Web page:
The Law and Order Referendum

and other related issues in New Zealand


Reactions from the Press

Plus Statements to the Press

Editorial from the Dominion Friday 18th February 2000. Entered in manually as the fax was not very legible!

Vote message was clear

"Justice Secretary Colin Keating and his ministry run true to form in serving up a platter of weasel words on Norman Withers's referendum on violent offending. They find the question so confusing that they cannot draw any firm conclusions about what the public really wants. They say there were so many options they could not tell which ones the public supported. They think the poor dazed voters might not have known themselves what they had voted for.

"It is hard to see how Mr Keating and his officials could fail to discern the message the public sent them."

That is patronising arrogance. It is hard to see how Mr Keating and his officials could fail to discern the message the public sent them. To spell it out, the referendum asked whether there should be a reform of the justice system: 91 per cent of voters said yes. Whether there should be greater emphasis on the needs of victims, including restitution and compensation: 91 per cent said yes. Whether voters favoured minimum sentences for people who committed serious violent offenders: 91 per cent said yes. And whether they favoured requiring them to do hard labour: 91 per cent said yes.

That was all contained in a single question. Clerk of the House David McGee had vetted and approved it, overruling ministry quibbles that it would be difficult to be sure just what people were voting for. The elements it covered of reform, a better deal for victims and tougher penalties for thugs and bashers are not mutually exclusive, but complement each other. The resounding endorsement of the total package could not have sent a clearer signal of the public's disillusionment with officialdom's overtly tender approach to violent criminals and it's relative indifference to the fate of their victims.

The only thing Mr Keating could resonably have been in doubt about was the attitude of those who voted no. Many would have been sympathetic to the plea for victims for example, but sceptical about the fairness? (this word unclear in text) of minimum sentences or unclear about what is meant by "hard labour". But they were the minority, and a nine-to-one yes vote should not have led to a rearguard action by the justice and prison systems to wriggle out of the referendum's implications.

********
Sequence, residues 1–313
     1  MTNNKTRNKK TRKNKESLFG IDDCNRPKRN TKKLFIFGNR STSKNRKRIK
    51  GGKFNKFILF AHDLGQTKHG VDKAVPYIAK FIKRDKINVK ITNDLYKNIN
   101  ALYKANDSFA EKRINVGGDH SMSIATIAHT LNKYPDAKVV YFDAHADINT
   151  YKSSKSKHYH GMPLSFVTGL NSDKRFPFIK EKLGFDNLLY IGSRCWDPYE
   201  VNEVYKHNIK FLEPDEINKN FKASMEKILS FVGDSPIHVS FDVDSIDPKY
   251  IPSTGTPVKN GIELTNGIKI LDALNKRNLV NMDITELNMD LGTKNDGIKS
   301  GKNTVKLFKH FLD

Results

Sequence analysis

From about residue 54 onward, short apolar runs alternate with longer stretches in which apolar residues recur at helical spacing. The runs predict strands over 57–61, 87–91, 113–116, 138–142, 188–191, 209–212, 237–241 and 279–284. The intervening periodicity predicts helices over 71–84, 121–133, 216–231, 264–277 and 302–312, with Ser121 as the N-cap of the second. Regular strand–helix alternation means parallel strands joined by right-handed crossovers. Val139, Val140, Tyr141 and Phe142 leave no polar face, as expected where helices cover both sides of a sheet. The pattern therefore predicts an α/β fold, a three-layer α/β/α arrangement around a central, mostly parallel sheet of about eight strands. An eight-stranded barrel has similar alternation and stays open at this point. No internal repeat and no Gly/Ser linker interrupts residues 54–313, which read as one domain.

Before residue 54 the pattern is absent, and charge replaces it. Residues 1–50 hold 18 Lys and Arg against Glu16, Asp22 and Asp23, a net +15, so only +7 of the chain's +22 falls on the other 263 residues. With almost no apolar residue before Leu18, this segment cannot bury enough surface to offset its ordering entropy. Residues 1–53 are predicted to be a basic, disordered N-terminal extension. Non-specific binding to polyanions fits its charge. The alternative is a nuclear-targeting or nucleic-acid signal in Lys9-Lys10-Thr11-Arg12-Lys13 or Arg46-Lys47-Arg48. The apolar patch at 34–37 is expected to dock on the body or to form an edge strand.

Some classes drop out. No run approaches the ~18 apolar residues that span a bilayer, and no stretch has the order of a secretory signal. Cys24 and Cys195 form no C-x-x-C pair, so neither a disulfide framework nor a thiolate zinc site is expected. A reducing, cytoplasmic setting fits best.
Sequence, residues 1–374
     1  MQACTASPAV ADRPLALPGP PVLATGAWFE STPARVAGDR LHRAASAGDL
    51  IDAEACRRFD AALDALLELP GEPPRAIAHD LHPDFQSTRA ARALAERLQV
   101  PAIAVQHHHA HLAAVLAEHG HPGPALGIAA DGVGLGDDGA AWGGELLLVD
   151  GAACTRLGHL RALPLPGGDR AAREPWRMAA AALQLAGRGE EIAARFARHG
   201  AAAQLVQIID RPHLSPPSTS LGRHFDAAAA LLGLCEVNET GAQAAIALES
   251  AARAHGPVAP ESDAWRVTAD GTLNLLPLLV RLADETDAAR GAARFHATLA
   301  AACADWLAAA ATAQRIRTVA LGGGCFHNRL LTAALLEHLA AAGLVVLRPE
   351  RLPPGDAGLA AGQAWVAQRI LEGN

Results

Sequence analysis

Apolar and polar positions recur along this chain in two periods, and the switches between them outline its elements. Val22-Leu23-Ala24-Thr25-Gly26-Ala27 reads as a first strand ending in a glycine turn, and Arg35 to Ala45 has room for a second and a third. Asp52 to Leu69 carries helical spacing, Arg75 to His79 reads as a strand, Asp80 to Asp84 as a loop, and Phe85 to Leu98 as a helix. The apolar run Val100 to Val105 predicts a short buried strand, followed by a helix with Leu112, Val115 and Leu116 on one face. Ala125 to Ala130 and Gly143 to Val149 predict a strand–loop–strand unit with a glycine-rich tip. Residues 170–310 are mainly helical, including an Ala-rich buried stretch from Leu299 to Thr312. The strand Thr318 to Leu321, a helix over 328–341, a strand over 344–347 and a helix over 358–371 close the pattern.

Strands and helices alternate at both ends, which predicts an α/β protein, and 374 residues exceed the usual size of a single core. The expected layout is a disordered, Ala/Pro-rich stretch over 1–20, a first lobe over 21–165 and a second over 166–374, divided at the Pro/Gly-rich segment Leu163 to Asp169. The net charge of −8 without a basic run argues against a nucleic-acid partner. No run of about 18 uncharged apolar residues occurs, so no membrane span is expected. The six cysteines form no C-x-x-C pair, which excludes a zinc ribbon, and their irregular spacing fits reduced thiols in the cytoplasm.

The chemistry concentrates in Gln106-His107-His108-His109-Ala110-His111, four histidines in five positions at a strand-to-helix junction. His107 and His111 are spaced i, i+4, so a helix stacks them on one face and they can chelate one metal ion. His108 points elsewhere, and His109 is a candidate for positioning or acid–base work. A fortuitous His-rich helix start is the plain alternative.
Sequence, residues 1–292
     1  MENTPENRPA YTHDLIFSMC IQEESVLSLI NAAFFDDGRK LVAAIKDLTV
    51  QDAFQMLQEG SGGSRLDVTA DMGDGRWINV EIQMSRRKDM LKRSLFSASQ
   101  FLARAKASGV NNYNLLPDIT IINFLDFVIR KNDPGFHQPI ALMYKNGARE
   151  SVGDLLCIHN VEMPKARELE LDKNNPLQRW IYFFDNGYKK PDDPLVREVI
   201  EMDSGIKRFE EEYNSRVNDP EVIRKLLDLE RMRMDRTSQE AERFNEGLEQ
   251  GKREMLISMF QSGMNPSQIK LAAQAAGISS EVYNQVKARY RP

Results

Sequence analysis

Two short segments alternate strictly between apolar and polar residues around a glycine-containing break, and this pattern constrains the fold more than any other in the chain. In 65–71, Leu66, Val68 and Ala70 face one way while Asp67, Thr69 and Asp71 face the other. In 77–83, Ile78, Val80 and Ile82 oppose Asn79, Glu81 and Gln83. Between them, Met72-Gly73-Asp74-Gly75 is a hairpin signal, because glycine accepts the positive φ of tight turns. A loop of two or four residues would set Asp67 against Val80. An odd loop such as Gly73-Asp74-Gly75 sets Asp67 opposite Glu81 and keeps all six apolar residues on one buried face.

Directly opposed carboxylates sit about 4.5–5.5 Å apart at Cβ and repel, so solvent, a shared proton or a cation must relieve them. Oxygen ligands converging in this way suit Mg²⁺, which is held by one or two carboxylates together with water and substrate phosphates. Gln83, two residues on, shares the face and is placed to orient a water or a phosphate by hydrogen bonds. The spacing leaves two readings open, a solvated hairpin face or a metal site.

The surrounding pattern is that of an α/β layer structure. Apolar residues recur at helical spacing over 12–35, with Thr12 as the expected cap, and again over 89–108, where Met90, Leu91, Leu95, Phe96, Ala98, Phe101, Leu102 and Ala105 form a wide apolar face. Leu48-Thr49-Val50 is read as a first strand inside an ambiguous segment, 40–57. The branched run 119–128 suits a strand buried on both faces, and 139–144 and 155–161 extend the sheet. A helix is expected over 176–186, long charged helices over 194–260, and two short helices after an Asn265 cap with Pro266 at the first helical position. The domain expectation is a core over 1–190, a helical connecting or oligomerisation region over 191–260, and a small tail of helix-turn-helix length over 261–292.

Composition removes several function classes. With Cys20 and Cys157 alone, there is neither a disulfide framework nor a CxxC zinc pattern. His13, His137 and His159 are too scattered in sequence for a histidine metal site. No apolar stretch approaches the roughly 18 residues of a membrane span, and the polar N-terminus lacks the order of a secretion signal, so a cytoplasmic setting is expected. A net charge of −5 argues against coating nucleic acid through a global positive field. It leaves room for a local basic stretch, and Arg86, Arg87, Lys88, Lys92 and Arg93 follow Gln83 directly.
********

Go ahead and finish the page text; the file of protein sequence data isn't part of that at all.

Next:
Mr Keating is not alone in this extraordinary task. Within weeks of the vote, Corrections Minister Matt Robson made clear he did not intend to take much notice of it. He said he would put the emphasis on education, skills and rehabilitation training.

The fact remains that the referendum sent the clearest possible message of public disquiet over the kid gloves approach to violent offending. For example, Parliament has passed one law authorising heavier maximum sentences for violence, and another requiring prisoners to be released after serving two thirds of them. In between, the appeals Court has set its own sentencing benchmarks for judges to follow, always well below the statutory maximums.

The referendum result demands more than the Justice Minister's "serious attention". It requires a positive political response. Justice Minister Phil Goff should ensure that he and his novice colleague in Corrections provide it - and that the public servants in their departments serve the public instead of thwarting it."

Links to further media comments;
Comment from The Press in Christchurch of 18th February 2000 is here
Editorial from The Press in Christchurch of 21st February 2000 is here
Front page Story from the Christchurch Star on 23rd February 2000 is here (big image)
Editorial from the Christchurch Star on 23rd February 2000 is here
Brilliant Editorial from the NZ Herald on 10th August 2000 is here
Quite Right Too! Frank Haden from the Sunday Star Times on 27th August 2000 is here
And in a very sensible piece for the Herald, Elisabeth Easther comes to the conclusion some people just need to be locked up, see it here

A brilliant piece in the Listener of January 27th 2001 by ACT MP Steve Franks here. He also contributed this brilliant piece for The Herald late last year.

In a piece here the Herald Political Staff accurately assessed Ministerial performance to date. Their opinions of Ministers in this area were as follows
Phil Goff : Scores 8 (up 1)
A virtuoso (as in loud) performance in Foreign Affairs. He is having less impact as a hard-hitter in Justice, being manacled to liberal associate minister Matt Robson.
Matt Robson : Scores 5 (down 1)
Well-intentioned, but the wrong person to be running prisons. Brings fresh thinking to the portfolio, but is out of tune with the public mood.
Margaret Wilson : Scores 3 (down 4)
A failed experiment and a bad advertisement for promoting people straight into the cabinet. Oozes intelligence - and occasional arrogance - but is short of political nous.
We entirely concur with the Herald's assessments, they seem to be a pretty good reflection of the opinion of the public whom they are meant to be serving.

Not all comment in the media has been as intelligent. Take this remarkably silly piece that turned up in the Herald a while ago for example. It speaks for itself. Perhaps not in a language widely spoken on this planet, though.... :-)

A speech/statement from Norm is here

Sitemap Home Back to Top